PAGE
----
[Representational image]Reuters

Around 225 districts across India are expected to face drought this year over the failing monsoon. The season's deficit is presently at 6.2 percent of the usual.

The 225 districts account for 37 percent of the country's 630 districts for which the rainfall data is available. However, these districts now have a 20 percent shortage with nine of them bearing acute shortage of 60 percent, data from the India Meteorological Department (IMD) revealed.

Most of these districts lie in Punjab, Haryana, Uttar Pradesh, Madhya Pradesh and Vidarbha with Uttar Pradesh, Haryana and Madhya Pradesh being the worst-hit states with rain fall deficits of 31 percent, 28 percent and 25 percent respectively.

However, the Ministry of Agriculture and Farmers Welfare has denied the media reports saying they are "factually incorrect" and that there is "no drought like situation" in the country. 

"The Ministry of Agriculture & Farmers Welfare has been monitoring regularly the agricultural situation in the States. During the current monsoon season, the monsoon rains have been normal i.e. 738.8 mm against the normal of 782.2 mm as on 10.09.2017. The overall rainfall in the country is in the category of normal (-6%)... Many States particularly, NE States are receiving heavy monsoon rains," a statement by the ministry said.

The deficits have seen an increase since the end of July when monsoon rains tapered in central and north India. The months of June and July recorded a nationwide surplus of 2.5 percent but the situation has been grim since August with a 17 percent below normal performance until September 12. 

"A number of factors worked against the monsoon since July-end. There have hardly been low-pressure circulations since then and conditions in the Indian and Pacific oceans have been unfavourable," D Sivananda Pai, head of IMD's long range monsoon forecasts, was quoted by the newspaper as saying.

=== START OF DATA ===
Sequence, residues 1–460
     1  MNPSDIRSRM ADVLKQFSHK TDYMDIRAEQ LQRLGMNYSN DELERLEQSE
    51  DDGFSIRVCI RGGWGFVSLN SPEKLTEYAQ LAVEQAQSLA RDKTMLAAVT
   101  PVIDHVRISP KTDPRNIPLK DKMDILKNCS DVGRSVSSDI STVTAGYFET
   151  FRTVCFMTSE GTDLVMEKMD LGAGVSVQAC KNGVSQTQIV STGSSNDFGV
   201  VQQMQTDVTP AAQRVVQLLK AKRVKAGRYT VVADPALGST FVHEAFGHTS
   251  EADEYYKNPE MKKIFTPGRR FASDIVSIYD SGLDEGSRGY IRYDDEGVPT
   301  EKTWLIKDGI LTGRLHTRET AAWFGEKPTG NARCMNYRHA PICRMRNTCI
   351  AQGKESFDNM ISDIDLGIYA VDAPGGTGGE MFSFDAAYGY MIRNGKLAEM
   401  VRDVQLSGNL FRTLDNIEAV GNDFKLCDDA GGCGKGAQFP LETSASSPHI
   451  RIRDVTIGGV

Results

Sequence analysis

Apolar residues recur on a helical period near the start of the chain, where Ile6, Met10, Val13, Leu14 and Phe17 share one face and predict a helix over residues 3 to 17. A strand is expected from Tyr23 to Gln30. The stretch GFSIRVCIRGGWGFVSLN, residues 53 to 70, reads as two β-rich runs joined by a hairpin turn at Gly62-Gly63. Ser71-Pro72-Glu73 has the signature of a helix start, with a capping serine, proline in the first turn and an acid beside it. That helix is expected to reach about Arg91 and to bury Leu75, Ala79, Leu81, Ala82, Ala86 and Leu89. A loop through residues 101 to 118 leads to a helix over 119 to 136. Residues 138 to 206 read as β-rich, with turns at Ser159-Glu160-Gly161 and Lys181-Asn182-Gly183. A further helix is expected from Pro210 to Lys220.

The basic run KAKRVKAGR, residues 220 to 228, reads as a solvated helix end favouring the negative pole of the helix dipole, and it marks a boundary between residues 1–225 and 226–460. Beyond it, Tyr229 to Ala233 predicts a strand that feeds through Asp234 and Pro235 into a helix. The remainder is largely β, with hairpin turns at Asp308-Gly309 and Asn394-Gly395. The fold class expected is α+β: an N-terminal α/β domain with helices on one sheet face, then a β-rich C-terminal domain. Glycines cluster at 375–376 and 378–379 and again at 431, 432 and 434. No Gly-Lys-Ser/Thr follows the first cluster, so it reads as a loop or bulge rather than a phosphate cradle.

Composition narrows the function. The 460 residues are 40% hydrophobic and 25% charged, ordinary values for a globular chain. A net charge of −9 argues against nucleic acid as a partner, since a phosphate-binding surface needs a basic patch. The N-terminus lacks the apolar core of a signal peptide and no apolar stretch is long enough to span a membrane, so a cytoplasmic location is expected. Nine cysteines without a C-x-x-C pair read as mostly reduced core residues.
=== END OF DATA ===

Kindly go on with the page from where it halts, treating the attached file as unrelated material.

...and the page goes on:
Assam floods
[Representational Image]BIJU BORO/AFP/Getty Images

Poor distribution of rainfall has worsened the situation with around 110 districts witnessing excessive (more than 60 percent of normal) rainfall. Torrential rains resulted in the worst floods country has seen in 10 years in the states of Gujarat, Rajasthan and catchment areas in the Himalayas.

Meanwhile, Uttar Pradesh faced floods as well as drought with the monsoon deficit in the western part of the state at 37 percent, which is the highest for any subdivision in India. There has been a rainfall deficit in 48 of the 72 districts in the state. Five of the 48 districts — Agra, Hamirpur, Mahamayanagar, Amethi and Kushinagar — witnessed an acute shortage of 60 percent or more.

The poor distribution of rainfall is likely to affect kharif output even though data till September 8 shows the sowing area in 2017 is marginally less than it was last year. 

But the ministry has said the "kharif crops coverage in almost all the States have been satisfactory and the rains during the period from 1-10 September, 2017 in Kerala, Karnataka, Maharashtra, Telangana, Odisha and Jharkhand have improved moisture in the soil. This wide distribution of rainfall has brightened the prospects of kharif production in current season."

The statement added: "However, some areas experienced deficit rains after sowing of kharif crops. The States have already started assessment of impact of less rain in such areas. The Ministry of Agriculture & Farmers Welfare has already given advisories to the States for life saving irrigation, in case of moisture stress."

Drought in India
[Representational Image]Reuters File

Poor rainfall has also hit water storage levels, which are necessary for winter crops. The data by the Central Water Commission revealed that live storage at 91 important reservoirs across India was at 58 percent capacity on September 8, the lowest in five years. Live storage was at 74 percent and 59 percent of its capacity during the drought years of 2014 and 2015. It is also lower than the 10-year average of 69 percent.

However, the IMD believes the situation could improve in the second half of September with better rains in central India.

"While the situation in northwest is not likely to change too much, there are indications that central India may get some rain in the next couple of weeks. Monsoon isn't likely to start withdrawing in the next few days," Pai said.